Analysis-Politics, not substance, seen guiding U.S. and Iran on terror listing

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Illustration shows Iran's and U.S.' flags

By Arshad Mohammed and Parisa Hafezi

(Reuters) – One of the last obstacles to reviving the 2015 Iran nuclear deal – Tehran’s demand to remove its Revolutionary Guards from a U.S. terrorism list – is more an issue of politics than substance, analysts said.

While the two sides had appeared close to reviving the pact a month ago, talks have since stalled over last-minute Russian demands, the Nowruz holiday, and the unresolved issue of whether Washington might remove the Islamic Revolutionary Guard Corps (IRGC) from the U.S. Foreign Terrorist Organization (FTO) list.

The United States and Iran have been engaged it fitful, indirect talks for more than a year on reviving the 2015 deal under which Iran limited its nuclear program in return for relief from economic sanctions.

The United States has weighed dropping the designation in return for some kind of action or commitment from Iran to rein in IRGC activities, one source has said.

However, the White House is well aware of “the political sensitivity and price associated with” removing the elite force from the list, said Dennis Ross, a long-time U.S. Middle East negotiator, noting that some Democrats oppose dropping it.

“There is hesitancy on the part of the political side of the White House,” he added.

A senior administration official said U.S. President Joe Biden did not intend to drop the terrorism designation, Washington Post columnist David Ignatius reported on Friday.

Asked about that report, a senior Biden administration official said, “We are not going to negotiate in public. There are still gaps.”

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“The onus here is really on Iran at this stage, particularly on this issue,” the official added on condition of anonymity.

LITTLE ECONOMIC IMPACT

When the Trump administration designated the IRGC as an FTO in 2019, it was the first time Washington had so blacklisted part of another country’s military and was seen by some as a poison pill to make it harder to revive the nuclear deal, which then-President Donald Trump abandoned in 2018.

Critics of dropping the IRGC from the list, as well as those open to the idea, say doing so will have little economic effect because other U.S. sanctions force foreign actors to shun the group.

“It’s the administration-wide assessment that it would not have a significant – if any – impact,” said a senior U.S. official on condition of anonymity.

This is in part because the IRGC would remain sanctioned as a “specially designated global terrorist” (SDGT) on a separate U.S. blacklist list created after the Sept. 11, 2001, attacks.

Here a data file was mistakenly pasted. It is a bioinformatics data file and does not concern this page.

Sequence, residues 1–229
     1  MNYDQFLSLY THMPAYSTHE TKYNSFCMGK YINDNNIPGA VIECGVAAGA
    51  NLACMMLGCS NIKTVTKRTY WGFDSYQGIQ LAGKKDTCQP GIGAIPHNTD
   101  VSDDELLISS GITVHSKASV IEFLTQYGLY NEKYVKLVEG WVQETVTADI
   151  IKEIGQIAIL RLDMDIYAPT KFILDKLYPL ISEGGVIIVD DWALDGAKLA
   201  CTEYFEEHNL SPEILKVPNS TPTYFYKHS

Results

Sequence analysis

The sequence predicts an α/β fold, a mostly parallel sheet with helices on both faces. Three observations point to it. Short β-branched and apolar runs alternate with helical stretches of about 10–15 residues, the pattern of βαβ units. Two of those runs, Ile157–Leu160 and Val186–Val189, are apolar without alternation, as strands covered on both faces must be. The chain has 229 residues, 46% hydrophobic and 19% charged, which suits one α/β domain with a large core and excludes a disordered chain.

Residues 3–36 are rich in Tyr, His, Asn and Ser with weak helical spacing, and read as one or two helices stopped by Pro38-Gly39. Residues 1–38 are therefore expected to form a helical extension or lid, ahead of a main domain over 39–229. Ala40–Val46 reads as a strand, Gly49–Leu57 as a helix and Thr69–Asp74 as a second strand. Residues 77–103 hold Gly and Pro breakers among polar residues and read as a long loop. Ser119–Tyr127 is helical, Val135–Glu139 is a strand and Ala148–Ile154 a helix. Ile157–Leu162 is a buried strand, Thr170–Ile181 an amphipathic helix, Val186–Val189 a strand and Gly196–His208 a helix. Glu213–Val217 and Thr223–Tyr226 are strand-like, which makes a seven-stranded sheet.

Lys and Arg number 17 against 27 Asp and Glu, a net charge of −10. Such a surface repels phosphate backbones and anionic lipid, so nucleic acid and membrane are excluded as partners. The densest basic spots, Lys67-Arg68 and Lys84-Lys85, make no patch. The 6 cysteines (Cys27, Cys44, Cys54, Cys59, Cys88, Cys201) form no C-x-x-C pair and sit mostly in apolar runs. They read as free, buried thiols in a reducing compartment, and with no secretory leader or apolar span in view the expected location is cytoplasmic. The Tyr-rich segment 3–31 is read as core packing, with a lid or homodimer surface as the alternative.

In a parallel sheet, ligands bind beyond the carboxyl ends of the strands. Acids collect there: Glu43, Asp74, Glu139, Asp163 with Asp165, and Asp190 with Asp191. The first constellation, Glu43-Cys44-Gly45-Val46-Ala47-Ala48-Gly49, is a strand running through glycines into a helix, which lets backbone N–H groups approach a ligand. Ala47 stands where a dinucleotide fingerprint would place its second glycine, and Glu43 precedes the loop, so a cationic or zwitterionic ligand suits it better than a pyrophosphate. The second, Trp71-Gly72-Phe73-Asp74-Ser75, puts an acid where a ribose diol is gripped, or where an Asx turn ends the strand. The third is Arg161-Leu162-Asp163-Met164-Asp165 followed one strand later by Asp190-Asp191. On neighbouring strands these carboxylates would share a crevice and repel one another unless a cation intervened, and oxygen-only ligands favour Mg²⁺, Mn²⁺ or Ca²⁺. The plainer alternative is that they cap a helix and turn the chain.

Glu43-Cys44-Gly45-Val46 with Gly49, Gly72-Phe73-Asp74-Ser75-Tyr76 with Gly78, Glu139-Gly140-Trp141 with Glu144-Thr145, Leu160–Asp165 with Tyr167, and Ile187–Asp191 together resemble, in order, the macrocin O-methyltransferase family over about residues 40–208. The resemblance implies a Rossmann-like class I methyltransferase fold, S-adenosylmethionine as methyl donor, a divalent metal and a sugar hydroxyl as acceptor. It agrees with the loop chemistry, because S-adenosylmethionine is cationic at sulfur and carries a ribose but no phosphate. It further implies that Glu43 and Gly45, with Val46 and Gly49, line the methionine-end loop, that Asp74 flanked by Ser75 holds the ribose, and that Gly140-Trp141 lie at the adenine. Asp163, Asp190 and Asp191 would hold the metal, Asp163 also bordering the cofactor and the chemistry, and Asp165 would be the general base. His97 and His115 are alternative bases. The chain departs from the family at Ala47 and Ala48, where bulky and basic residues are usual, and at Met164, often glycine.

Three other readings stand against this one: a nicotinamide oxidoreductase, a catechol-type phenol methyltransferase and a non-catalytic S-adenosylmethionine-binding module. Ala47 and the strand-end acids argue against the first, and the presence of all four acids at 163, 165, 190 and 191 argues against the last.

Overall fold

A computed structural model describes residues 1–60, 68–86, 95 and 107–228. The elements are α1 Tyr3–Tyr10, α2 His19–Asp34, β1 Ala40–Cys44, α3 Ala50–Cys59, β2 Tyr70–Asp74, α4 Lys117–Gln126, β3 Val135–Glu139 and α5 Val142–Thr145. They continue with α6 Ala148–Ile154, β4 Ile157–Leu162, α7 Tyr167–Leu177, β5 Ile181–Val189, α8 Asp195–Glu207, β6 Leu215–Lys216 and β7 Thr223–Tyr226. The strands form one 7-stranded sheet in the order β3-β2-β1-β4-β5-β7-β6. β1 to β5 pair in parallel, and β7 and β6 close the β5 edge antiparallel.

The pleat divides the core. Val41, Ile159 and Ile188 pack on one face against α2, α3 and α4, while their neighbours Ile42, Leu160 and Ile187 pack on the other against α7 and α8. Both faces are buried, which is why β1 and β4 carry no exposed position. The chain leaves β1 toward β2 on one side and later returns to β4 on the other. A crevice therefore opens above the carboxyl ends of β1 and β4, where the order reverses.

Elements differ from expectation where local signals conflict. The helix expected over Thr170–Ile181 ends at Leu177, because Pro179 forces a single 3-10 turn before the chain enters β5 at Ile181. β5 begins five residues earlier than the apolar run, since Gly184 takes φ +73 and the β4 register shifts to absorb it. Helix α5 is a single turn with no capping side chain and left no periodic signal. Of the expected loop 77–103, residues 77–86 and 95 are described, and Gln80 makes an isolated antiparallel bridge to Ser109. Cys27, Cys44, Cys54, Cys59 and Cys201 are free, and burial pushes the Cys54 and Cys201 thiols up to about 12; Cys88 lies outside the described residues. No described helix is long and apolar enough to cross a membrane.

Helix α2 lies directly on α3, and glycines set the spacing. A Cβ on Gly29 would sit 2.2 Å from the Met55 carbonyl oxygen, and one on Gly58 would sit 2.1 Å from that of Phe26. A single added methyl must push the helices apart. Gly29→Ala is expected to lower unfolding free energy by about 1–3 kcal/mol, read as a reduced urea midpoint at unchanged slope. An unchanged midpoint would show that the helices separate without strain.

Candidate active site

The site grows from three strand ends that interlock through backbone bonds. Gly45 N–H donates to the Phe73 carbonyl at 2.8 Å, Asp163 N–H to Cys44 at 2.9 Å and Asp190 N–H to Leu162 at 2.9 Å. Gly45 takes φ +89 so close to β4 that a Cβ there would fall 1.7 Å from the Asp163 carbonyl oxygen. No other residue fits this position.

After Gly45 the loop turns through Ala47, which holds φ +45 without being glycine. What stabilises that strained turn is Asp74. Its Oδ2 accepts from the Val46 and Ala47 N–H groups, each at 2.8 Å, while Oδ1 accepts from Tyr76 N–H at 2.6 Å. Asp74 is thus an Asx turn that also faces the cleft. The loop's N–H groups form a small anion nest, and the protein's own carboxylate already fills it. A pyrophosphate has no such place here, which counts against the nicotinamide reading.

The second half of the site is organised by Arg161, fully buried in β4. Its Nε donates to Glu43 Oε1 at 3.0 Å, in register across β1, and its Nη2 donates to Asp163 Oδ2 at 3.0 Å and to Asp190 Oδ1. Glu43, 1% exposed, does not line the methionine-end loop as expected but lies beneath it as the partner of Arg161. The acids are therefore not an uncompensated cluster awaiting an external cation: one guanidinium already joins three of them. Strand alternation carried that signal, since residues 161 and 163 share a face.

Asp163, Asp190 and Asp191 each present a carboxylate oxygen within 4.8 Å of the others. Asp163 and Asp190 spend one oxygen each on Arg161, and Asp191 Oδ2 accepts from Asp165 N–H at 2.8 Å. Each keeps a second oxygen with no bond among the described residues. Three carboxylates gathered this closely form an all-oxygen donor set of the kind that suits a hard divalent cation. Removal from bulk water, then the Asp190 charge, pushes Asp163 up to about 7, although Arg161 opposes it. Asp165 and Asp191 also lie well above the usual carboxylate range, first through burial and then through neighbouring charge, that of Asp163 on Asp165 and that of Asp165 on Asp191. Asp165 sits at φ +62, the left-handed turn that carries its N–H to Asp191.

The IRGC, a powerful political faction in Iran, controls a business empire as well as elite armed and intelligence forces that Washington accuses of a global terrorist campaign.

Iranian sources cited multiple reasons why they want the designation removed, including domestic politics and the desire of new Iranian President Ebrahim Raisi’s team to show it can secure a better deal than his predecessor Hassan Rouhani.

“Mostly it is a matter of dignity for the establishment and Iran’s negotiators,” said a senior Iranian diplomat on condition of anonymity.


“The new team from the beginning insisted on the FTO issue and sees it as a major achievement if those sanctions are lifted. That is mainly for domestic use because they criticized Rouhani’s 2015 deal and cannot just revive it,” added a former senior Iranian official briefed on the talks.

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Another Iranian diplomat said Iran had rejected the idea of removing the designation from the IRGC as a whole but keeping it on the group’s elite Quds Force.

SOFT ON TERRORISM?

While U.S. officials are loathe to admit it, the main issue in Washington is also political. Republicans argue dropping the FTO label would show the Biden administration is soft on terrorism, a charge U.S. officials deny.

Representative Michael McCaul, the top Republican on the House Foreign Affairs Committee, last week called the IRGC “a killing machine” that threatens Americans and he stressed the political cost to the White House.

“That’s going to split the Democratic party in half on this, if not more,” he said.

Some Democrats have voiced misgivings, although there is little chance Congress could block a revived nuclear deal.

“We can’t gamble with American lives and remove the … FTO designation,” U.S. Representative Josh Gottheimer, a New Jersey Democrat, said last week.

Even critics admit removal would have few practical effects.


Matthew Levitt of the Washington Institute for Near East Policy think tank said labeling the IRGC as an FTO added only two authorities: allowing the U.S. government to bar entry by anyone associated with it and to impose criminal penalties to those who knowingly provided it “material support.”

In a recent analysis, Levitt said Iran would use a removal to argue that it does not engage in terrorism, and that dropping the label would undermine the credibility of U.S. sanctions.

“The IRGC should not be removed from the FTO list until there is evidence it has ceased terrorist activities,” he wrote.

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(Reporting By Arshad Mohammed in Saint Paul, Minn., and Parisa Hafezi in Dubai; Additional reporting by Patricia Zengerle and Nandita Bose in Washington; Editing by Mary Milliken and Daniel Wallis)

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